Monthly Archives: February 2013

plus ça change, plus c’est la même chose

“Well before Rochdale, at the Co-operative Congress of 1832, the Owenite movement was struggling to resist Owen’s personal domination, and to distance itself from his controversial views. On the one hand, Owen was considered an atheist and a dangerous socialist by the Tories of his day, and this may have complicated the efforts of Owenites to undertake their plans. But also, Owen’s political views were in some respects not sufficiently progressive for his followers. For example, Owen proposed an “Address to the Governments of Europe and America,” calling on established regimes to undertake social reform. Delegates to the congress objected that there was no use appealing to governments; only the people themselves could make changes. Delegates also firmly believed in democracy and opposed Owen’s belief that one could appeal to any form of government no matter what its basis. Furthermore, the delegates objected to Owen’s tendency to take all power in the movement into his own hands. Under the circumstances, it seemed best to limit Owen’s influence and disassociate the movement somewhat from his person. Delegates voted in favour of internal democracy in co-operatives.” (Emphasis mine)

The Meaning of Rochdale: The Rochdale Pioneers and the Co-operative Principles – Brett Fairbairn (12th link down)

Several elements of the above sound vaguely familiar – for some reason, but then I tend to think Robert Owen wrote the “book of socialism” aka “The New Harmony Society”; hence the title of this post.

Food for thought, for my readers?

Carswell “rocks” – for a change!

Now and again – and, unfortunately, only now and again – Douglas Carswell puts “fingers to keyboard” and produces something that is worthy of repetition.

He has an article in the Speccie Coffee House making some points that I covered just 24 hours ago about the power of the internet and twitter where spreading a message is concerned – one could almost believe he “reads” WfW!

Consider, Carswell makes the same points as did I:

  • Politics in the West – especially the UK – can be ‘shaped by groups of like-minded people, mobilising online’;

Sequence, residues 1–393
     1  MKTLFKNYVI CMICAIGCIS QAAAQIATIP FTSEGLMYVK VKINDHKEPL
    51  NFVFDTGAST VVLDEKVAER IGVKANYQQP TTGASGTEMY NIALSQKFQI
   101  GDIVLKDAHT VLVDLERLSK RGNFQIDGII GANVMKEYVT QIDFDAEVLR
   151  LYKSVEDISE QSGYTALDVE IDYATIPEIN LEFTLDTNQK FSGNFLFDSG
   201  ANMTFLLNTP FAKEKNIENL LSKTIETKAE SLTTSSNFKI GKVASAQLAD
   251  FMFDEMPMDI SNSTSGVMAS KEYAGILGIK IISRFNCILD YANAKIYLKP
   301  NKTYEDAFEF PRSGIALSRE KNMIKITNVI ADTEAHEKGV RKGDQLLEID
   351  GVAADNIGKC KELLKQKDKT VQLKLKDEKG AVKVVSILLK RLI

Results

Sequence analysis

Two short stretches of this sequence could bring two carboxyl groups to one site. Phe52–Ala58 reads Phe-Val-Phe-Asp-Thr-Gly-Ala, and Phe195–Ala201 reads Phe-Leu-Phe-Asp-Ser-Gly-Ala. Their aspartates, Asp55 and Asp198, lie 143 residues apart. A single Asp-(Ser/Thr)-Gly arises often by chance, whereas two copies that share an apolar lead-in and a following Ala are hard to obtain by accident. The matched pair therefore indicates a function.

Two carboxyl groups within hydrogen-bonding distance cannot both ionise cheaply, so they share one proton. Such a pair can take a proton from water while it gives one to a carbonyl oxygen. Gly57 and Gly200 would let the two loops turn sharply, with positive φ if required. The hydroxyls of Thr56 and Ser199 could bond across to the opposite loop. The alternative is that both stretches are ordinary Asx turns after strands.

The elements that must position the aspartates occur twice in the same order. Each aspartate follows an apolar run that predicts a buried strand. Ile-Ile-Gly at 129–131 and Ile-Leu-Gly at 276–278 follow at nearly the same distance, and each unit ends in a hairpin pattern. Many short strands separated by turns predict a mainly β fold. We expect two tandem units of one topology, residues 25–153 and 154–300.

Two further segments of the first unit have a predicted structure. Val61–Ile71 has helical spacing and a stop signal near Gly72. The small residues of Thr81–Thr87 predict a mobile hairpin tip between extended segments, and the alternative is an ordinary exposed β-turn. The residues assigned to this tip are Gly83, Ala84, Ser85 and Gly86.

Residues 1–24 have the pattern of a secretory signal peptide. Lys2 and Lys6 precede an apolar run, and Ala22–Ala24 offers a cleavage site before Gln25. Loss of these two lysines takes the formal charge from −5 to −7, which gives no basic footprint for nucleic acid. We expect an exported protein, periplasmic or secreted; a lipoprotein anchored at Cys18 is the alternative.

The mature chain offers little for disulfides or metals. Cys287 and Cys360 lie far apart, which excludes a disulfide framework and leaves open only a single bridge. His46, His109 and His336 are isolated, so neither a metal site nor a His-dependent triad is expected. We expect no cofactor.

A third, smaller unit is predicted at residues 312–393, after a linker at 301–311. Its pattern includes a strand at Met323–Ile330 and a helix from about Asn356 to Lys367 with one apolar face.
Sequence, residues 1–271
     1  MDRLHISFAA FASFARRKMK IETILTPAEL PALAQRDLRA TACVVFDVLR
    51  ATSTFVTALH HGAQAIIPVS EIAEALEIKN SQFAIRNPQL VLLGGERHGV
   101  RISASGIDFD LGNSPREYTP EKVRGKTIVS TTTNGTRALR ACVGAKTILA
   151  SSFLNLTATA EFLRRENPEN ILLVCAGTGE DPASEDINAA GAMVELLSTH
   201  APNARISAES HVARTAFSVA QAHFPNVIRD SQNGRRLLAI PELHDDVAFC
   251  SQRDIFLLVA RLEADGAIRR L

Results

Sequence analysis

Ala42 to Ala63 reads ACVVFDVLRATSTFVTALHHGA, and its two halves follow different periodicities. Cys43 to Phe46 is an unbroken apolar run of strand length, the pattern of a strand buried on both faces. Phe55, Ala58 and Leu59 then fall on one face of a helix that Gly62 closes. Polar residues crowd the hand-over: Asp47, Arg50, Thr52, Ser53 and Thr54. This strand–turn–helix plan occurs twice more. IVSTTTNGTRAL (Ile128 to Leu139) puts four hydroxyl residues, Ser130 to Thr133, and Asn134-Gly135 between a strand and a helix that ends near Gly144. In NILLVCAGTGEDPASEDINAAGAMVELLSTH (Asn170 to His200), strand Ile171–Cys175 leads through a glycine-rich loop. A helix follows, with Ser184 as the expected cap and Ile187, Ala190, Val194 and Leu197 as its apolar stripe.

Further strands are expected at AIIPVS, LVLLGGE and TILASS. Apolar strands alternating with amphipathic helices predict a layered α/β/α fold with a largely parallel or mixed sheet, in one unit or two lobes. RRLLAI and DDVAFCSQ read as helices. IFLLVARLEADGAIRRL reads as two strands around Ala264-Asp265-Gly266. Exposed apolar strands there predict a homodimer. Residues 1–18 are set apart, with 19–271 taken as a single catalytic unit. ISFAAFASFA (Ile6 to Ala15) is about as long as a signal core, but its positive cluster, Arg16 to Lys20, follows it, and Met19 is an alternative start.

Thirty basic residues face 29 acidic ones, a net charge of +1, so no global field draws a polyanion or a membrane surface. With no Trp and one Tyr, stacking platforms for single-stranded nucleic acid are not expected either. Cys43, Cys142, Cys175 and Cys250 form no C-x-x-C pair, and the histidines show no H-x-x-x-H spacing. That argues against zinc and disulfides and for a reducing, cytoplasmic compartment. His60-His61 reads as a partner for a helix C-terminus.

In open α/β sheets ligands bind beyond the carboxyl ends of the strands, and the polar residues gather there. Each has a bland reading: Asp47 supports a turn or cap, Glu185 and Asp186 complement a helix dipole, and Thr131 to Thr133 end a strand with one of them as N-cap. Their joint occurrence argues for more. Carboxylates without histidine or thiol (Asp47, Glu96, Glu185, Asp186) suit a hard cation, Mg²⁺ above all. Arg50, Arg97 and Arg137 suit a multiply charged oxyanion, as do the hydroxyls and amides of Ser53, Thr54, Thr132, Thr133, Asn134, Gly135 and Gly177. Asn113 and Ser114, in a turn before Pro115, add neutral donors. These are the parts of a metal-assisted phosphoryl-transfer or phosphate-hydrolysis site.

• The internet will allow new entrants to emerge rapidly and win a large share of the political market;
  • There has been a strong anti-politician sentiment in this country for years – it just needs mobilising;
  • The internet means that ordinary folk can do something – we don’t need someone “directing” us;
  • The internet means that opinion and votes can now be aggregated online;
  • The digital revolution means that ‘what politicians say will no longer be assessed through pundits … but gauged by the crowds online’.  Thanks to the internet, it is now possible to create a political brand, without massive amounts of money;

The Harrogate Agenda is not a political brand, neither is it a political party. It is an idea, a movement, with the sole aim of changing the way politics is done in our country while encapsulating a better, more acceptable, method of democracy – one which returns power to those to whom it belongs and from whom it has been usurped.

The idea on which The Harrogate Agenda is based does not require it to be “managed” or “directed” – as I have said on many, many occasions it will either be picked-up and gain traction with the public, as has been amply demonstrated by Grillo – or it will “die a death”. To those on twitter who believe in the idea/movement, at every opportunity; use the hashtag #harrogateagenda – lets spread the message! To those not on twitter – get on it; talk to your friends and family.